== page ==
Opening a commercial banking account will help you end a lot of confusion in your small business. If your expenses for your daughter’s quinceañera are mixed in with the payments on your new truck, you’ll have some major headaches at tax time. Separating your work finances from your personal money is easy when you have the right account at a local bank, but you’ll have to do some homework first. Here are five things to consider before opening a business bank account.
1. Requirements for business accounts
If you’re in the early days of running a business, you should consider filing for a sole proprietorship or another appropriate classification for your company. You will need this information to open a business account. The U.S. Small Business Administration (SBA) lists the documents you should bring when opening an account.
2. Know your banking needs
Before you open a business account, consider what services you need today and in the coming years. Figure out how often you need to make deposits, and whether you need to process credit cards or send money internationally. If your cousin that’s helping you part-time might become a full-time employee soon, consider professional payroll services to keep your company taxes in order.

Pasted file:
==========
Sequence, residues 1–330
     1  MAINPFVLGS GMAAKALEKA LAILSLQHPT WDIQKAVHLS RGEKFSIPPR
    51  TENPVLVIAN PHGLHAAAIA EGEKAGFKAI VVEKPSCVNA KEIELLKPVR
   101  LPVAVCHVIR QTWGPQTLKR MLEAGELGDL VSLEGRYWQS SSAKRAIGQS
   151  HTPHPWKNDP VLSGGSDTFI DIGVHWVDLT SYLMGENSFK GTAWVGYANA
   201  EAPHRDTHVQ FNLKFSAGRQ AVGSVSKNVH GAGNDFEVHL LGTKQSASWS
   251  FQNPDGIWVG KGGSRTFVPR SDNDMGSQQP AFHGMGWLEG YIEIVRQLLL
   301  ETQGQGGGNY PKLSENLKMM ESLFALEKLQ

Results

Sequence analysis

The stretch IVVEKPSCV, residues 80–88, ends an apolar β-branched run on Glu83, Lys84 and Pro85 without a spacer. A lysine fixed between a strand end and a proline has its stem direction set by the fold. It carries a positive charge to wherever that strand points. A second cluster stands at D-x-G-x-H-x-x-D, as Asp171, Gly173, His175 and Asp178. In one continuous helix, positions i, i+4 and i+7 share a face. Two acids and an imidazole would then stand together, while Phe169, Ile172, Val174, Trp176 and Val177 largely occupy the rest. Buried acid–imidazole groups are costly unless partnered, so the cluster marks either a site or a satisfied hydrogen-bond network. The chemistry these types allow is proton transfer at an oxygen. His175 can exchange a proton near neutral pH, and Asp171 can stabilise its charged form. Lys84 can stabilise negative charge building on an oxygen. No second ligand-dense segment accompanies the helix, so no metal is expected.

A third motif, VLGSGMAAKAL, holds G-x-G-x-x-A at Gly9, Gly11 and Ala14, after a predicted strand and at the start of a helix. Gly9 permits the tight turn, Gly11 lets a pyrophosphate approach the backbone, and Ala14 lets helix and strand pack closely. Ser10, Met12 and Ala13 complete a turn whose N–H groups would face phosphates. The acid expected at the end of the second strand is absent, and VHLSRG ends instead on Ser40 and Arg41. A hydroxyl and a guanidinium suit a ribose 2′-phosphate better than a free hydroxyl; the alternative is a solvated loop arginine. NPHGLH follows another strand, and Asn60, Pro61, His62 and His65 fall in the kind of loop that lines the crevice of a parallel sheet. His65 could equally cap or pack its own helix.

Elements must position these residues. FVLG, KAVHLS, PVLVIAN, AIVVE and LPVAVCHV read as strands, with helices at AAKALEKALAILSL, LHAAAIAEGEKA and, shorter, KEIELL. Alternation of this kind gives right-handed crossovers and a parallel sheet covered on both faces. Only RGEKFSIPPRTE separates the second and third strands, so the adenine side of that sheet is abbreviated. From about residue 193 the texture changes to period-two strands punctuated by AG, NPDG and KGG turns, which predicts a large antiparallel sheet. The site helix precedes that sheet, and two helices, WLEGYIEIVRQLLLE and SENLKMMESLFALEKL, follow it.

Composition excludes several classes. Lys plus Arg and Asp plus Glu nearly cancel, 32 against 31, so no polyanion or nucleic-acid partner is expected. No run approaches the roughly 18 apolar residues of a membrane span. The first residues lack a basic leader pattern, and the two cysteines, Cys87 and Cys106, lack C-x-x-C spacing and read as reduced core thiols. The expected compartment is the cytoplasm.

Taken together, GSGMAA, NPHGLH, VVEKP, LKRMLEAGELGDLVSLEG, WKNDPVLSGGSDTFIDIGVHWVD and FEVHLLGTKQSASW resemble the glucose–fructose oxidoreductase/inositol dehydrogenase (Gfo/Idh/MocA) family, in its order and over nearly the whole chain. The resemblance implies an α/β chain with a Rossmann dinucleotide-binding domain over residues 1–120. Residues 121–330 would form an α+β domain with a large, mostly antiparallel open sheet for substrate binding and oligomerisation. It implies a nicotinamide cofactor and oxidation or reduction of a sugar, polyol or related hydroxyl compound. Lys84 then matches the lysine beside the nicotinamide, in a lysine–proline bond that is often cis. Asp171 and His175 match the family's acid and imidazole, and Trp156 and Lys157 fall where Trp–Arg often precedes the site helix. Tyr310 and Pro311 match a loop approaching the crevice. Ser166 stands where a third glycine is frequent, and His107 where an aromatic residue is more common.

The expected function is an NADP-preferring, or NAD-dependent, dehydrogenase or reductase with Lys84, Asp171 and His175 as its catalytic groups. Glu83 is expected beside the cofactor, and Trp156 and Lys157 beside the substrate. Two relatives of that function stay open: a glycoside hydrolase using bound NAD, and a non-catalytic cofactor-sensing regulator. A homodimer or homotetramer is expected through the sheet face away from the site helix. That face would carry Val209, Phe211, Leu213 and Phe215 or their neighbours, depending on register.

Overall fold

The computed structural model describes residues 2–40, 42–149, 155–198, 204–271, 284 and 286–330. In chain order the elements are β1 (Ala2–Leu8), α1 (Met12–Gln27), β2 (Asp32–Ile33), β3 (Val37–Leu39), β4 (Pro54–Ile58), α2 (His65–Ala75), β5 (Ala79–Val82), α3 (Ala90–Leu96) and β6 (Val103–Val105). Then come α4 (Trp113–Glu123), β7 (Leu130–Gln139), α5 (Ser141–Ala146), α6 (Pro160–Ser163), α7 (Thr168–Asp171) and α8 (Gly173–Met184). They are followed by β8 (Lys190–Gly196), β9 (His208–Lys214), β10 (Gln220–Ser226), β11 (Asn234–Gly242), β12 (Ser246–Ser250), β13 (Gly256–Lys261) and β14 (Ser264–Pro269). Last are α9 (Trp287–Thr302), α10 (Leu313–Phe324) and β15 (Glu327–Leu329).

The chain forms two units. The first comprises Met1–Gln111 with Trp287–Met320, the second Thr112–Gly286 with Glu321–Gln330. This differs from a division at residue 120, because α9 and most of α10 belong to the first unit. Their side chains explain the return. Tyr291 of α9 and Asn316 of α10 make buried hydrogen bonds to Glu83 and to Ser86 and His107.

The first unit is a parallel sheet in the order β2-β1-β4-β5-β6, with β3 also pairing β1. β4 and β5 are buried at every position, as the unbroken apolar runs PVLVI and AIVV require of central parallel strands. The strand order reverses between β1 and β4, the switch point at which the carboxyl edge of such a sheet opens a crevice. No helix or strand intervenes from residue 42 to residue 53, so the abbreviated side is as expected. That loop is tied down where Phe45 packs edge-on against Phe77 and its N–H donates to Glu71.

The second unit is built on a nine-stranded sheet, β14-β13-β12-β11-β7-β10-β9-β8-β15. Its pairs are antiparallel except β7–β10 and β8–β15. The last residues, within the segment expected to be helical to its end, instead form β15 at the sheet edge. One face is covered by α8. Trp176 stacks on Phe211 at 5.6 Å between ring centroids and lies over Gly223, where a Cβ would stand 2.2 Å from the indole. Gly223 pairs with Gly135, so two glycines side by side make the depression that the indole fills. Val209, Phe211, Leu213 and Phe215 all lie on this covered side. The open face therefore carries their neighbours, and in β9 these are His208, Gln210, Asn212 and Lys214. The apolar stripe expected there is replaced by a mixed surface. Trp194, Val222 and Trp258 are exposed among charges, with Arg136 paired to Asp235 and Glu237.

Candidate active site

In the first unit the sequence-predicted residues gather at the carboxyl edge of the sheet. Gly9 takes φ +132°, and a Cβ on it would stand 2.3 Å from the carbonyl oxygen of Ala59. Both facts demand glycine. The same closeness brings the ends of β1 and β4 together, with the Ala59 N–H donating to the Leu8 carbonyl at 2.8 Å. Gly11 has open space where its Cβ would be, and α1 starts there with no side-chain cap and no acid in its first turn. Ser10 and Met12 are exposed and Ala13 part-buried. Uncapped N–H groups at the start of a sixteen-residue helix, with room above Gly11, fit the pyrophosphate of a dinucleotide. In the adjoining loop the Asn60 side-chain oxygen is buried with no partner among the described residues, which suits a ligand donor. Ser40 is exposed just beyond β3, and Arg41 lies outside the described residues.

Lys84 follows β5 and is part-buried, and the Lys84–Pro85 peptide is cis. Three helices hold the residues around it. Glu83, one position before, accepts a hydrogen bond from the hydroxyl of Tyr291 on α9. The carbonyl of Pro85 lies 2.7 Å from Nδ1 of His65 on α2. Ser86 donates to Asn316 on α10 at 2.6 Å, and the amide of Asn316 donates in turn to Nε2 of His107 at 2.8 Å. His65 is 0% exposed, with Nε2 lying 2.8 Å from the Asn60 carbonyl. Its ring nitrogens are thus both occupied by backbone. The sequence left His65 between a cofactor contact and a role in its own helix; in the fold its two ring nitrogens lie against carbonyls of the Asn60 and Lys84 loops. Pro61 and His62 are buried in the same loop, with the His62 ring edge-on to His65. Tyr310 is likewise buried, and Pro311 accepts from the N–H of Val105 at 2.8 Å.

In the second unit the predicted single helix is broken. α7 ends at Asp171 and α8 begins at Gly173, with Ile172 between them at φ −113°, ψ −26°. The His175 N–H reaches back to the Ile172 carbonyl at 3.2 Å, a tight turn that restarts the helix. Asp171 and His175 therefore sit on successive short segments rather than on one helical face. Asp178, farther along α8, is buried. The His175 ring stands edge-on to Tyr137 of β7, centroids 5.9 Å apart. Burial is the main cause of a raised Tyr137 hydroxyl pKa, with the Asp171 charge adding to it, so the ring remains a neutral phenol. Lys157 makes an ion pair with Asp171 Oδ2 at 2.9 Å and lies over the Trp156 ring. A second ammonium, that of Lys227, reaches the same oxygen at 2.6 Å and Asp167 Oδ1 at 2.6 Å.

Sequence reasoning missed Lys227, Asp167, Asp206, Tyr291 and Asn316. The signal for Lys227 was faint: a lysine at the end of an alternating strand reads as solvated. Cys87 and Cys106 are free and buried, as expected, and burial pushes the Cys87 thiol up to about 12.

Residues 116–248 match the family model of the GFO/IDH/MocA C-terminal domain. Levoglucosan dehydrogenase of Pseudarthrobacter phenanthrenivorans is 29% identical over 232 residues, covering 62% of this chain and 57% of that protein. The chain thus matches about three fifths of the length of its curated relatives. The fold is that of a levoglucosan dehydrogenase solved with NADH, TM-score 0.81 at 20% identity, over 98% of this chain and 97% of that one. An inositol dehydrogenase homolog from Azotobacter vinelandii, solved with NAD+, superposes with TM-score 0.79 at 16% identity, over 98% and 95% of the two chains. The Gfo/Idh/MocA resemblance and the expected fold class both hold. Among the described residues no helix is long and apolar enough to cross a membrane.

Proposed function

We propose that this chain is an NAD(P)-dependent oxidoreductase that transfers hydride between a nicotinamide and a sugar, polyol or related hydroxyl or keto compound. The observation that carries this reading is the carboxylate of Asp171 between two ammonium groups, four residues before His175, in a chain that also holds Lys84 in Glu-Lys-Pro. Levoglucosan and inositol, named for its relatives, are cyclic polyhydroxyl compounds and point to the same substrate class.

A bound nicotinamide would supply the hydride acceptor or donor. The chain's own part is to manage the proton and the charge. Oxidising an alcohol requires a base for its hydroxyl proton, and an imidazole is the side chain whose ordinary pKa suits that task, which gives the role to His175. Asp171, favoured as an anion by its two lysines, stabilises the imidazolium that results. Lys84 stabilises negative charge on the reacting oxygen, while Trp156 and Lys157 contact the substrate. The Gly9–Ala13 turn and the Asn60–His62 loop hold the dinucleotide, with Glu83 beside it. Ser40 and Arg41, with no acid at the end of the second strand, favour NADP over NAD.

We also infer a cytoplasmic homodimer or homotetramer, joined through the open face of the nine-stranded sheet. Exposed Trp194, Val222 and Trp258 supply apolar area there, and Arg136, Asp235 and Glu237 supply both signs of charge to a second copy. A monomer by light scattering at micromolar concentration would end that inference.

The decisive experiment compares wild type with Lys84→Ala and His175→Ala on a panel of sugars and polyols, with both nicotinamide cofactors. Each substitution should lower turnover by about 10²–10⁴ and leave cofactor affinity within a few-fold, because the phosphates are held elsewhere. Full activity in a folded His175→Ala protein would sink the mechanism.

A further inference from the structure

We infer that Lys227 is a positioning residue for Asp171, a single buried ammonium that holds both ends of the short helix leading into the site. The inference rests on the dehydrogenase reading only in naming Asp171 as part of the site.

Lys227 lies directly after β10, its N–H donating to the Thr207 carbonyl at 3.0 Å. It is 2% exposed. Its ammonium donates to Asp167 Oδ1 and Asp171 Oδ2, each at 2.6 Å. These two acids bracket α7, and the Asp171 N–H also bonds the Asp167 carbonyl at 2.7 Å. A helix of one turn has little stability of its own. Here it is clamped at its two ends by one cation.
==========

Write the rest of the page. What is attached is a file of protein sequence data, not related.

3. Fees vary widely
The last thing you should do with your hard-earned money is waste it on bank fees. Commercial banking accounts often have lower fees when you use a credit card from the bank for monthly purchases. Paying the bills promptly will help you avoid interest charges. Other ways of keeping fees low are maintaining a minimum balance and choosing paperless (online) banking. Online accounts are not complicated, so it is worth taking the time to set one up if it will save you cash every month.
4. Fraud protection is not guaranteed
Though you have full fraud protection for personal credit cards and bank accounts, businesses sometimes do not. Business News Daily reports that commercial accounts are now popular targets for fraud. The CEO of MineralTree told the website that small business owners should create special protections for bank accounts that employees are using. No matter what system of protection you choose, have a clear understanding of fraud policies before opening your commercial account.
5. Personal relationships with bankers pay off
As your business continues to grow, so will your commercial banking needs. Talk to the bank employees and find a way to connect with them. Maybe your children share the same interests, or maybe you have a favorite taquería in common. Having a close relationship will help when you prepare for loan applications or other bank transactions down the road.
A business bank account is a valuable tool for growing your company. With your finances in place, you’ll be free to focus on the most important part of running your business — doing good work to provide for your family.